Xibalba (Shee-bal-ba) was the name the K'iche Maya gave to the underworld. For the Yucatec Maya the underworld was known as Metnal. The name Xibalba translates as 'Place of Fright', which indicates the terror the place had in the Maya imagination. There was, unfortunately, not much chance of escaping the place, either. Ideas such as leading a good life and avoiding eternal torment by not doing bad things were not part of the Maya belief system, as only those who died a violent death avoided Xibalba. The underworld was a truly fearsome place, strongly associated with water; it had its own landscape, gods, and blood-thirsty predators. Xibalba was also the scene of many adventures by the heroes of Maya mythology, especially the Hero Twins.
The Geography of Xibalba
For the Maya Xibalba lay to the far west, hence the great number of burials made on the islands of Campeche, located off the west coast of the Yucatan peninsula, making it the most western Maya territory. Xibalba was entered through a cave or area of still water in Tlalticpac, which was the surface of the earth and the first of the nine underworld levels. The Milky Way was also considered an entrance to Xibalba and the road along which souls walked to meet their fate. The Maya, believing the underworld had nine different levels, represented this idea in the gigantic stone pyramids they built as tombs for their kings which often have nine tiers. See, for example, the Temple of the Inscriptions at Palenque, Temple I at Tikal, or the Pyramid of Kukulcan at Chichen Itza.
The Maya believed that the underworld was ruled by a group of gods (possibly 9 or 14), known collectively as the lords of the underworld. These have fearsome names and include 1 Death and 7 Death (the two most important), Pus Master, Bone Sceptre, Skull Sceptre, Jaundice Master, Blood Gatherer, and Bloody Claws. Many of these lords could occasionally come up to the world of the living where they would spread misery and disease. The Maya also believed that each astronomical god had its own manifestation in the underworld. For example, the Sun God K'inich Ajaw, when he was travelling through the underworld at night, became the Jaguar God of the Underworld.The most important Maya religious book, the Popol Vuh, describes some details of the geography within Xibalba. The underworld is vast with as much variety in landscape as the outside world of the living. Further, there are two great rivers, perhaps more, which run through it. To reach the ninth level of Xibalba, many trials and dangers had to be faced by the dead. These included the crossing of dangerous waters and high mountains, rivers of blood, attack by spinning obsidian knives and arrows, and even the sacrifice of one's heart. To help the soul survive such an ordeal, the dead were buried or cremated with useful pieces of equipment such as weapons, tools, weaving kits, precious goods like jade, sustaining food such as hot chocolate, and even dogs (real or pottery effigies) to act as companions and guides.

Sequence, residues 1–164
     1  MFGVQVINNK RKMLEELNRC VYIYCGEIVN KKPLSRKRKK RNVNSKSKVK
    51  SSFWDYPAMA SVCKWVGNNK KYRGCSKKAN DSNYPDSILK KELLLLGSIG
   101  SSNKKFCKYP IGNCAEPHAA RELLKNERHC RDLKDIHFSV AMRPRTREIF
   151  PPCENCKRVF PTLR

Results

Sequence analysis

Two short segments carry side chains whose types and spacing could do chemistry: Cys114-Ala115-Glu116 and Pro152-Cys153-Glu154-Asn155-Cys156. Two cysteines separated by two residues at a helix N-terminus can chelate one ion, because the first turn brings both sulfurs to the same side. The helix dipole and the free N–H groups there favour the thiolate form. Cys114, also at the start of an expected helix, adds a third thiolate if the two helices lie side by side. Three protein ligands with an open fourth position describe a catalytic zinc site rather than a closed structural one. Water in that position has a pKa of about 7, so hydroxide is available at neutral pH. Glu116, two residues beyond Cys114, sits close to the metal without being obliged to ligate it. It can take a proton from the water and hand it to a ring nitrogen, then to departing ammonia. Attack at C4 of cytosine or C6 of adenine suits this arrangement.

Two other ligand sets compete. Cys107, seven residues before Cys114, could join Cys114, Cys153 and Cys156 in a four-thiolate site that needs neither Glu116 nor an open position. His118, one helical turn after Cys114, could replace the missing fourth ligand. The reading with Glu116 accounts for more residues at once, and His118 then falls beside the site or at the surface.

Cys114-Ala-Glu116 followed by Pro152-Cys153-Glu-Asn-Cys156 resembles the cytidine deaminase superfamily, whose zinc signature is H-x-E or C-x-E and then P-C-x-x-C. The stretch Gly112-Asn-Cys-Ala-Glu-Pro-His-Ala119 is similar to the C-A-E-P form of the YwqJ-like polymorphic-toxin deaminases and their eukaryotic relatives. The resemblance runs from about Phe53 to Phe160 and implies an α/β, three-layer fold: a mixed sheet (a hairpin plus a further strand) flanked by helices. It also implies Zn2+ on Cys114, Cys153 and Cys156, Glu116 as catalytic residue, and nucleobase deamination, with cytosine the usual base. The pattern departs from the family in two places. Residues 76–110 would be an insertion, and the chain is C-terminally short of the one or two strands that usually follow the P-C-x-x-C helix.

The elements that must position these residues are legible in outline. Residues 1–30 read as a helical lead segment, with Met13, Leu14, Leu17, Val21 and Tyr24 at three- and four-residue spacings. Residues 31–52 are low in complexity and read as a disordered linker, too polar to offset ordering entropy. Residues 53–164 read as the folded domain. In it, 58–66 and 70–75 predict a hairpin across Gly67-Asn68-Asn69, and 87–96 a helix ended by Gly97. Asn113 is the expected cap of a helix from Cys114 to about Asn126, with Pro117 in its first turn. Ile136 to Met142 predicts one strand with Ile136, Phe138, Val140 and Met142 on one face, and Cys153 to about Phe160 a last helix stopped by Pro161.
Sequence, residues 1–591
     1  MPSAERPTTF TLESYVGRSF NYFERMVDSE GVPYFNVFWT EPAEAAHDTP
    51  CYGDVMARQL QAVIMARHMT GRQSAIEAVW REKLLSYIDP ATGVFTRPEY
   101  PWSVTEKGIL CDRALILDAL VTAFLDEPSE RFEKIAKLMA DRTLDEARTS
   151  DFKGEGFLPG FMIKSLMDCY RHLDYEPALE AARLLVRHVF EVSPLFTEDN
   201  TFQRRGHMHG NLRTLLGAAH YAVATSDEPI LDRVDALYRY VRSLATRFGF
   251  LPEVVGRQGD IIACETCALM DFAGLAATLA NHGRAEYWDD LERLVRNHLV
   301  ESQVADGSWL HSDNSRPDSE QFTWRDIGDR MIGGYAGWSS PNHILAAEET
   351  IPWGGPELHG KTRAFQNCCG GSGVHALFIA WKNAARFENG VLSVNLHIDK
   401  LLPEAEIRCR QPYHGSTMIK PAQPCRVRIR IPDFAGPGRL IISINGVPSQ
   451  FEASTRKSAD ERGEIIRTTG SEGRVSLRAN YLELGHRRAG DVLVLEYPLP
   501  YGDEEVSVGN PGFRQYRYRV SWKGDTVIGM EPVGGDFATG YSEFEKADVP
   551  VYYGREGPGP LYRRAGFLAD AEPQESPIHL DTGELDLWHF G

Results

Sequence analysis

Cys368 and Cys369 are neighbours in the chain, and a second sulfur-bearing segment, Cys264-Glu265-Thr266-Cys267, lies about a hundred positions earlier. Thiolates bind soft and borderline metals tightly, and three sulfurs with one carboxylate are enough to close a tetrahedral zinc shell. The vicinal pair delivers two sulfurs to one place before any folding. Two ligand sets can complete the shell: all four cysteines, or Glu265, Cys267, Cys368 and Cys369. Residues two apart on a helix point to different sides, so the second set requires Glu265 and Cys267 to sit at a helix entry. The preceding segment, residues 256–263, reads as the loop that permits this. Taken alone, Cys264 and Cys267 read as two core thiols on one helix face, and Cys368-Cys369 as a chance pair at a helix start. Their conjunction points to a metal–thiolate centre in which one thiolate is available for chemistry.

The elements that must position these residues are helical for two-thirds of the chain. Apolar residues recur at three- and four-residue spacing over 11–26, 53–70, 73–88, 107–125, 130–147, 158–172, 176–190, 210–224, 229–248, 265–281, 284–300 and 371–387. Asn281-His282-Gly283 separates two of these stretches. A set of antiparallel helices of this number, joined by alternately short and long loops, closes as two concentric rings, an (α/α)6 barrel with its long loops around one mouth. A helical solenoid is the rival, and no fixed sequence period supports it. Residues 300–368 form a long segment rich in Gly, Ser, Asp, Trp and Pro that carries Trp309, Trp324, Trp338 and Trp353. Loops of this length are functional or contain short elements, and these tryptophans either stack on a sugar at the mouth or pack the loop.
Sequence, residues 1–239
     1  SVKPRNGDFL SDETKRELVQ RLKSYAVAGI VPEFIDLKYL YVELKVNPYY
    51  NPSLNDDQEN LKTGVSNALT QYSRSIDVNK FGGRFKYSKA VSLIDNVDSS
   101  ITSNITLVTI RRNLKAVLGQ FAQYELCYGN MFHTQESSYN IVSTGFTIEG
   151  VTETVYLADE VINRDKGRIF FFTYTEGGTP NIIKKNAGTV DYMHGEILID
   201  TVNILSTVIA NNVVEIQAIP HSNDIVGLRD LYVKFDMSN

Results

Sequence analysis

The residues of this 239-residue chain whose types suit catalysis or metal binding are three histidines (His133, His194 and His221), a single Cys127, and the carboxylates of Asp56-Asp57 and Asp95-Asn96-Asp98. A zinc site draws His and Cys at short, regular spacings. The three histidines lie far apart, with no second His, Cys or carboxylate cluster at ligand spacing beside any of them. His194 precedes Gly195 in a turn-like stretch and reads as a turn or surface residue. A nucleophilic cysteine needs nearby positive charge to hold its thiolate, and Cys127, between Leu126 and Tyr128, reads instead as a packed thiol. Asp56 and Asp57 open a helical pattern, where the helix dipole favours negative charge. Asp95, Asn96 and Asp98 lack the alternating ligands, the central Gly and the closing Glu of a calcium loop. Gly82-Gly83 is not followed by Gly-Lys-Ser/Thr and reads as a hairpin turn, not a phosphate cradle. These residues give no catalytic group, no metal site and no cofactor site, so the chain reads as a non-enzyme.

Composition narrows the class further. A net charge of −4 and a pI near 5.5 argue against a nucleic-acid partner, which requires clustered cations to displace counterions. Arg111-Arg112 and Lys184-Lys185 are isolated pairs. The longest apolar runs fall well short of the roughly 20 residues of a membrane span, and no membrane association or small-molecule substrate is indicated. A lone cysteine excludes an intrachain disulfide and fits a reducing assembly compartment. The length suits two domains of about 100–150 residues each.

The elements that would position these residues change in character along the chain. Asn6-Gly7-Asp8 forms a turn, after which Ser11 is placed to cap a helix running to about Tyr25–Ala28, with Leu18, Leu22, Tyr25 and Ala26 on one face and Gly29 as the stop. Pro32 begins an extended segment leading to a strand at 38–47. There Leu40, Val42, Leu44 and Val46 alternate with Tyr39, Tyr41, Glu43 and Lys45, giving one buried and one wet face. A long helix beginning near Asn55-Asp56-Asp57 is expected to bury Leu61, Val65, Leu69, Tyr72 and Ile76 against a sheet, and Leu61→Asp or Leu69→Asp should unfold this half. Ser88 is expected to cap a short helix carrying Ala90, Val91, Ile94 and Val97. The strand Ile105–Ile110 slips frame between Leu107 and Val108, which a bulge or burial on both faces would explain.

Xibalba in the Popol Vuh
As we have seen, the Maya expected to undergo trials in Xibalba, and if they could use their skills and intelligence, then they had a chance to outwit the terrible demons and trials awaiting them there. One of the most celebrated stories involves the Maize God (Hun Hunahpu or 1 Ajaw) and his brother 7 Hunahpu. Playing a noisy game of ball one day, the pair angered the lords of the underworld who summoned them to descend into Xibalba. After suffering many trials and horrors, the siblings played another game of ball. This time, on losing the game, they were sacrificed and buried under the ballcourt, whilst the Maize God's head was placed in a calabash or cacao tree. Later, a daughter of one of the lords of the underworld, Blood Maiden, saw the head and after a little conversation and with the head spitting in her hand, she miraculously became pregnant with twins. These siblings were Hunahpu (or Hun Ajaw) and Xbalanque (or Yax Bahlam), the famous Hero Twins of Maya mythology, who would gain fame as great hunters, practical jokers and superb ball players.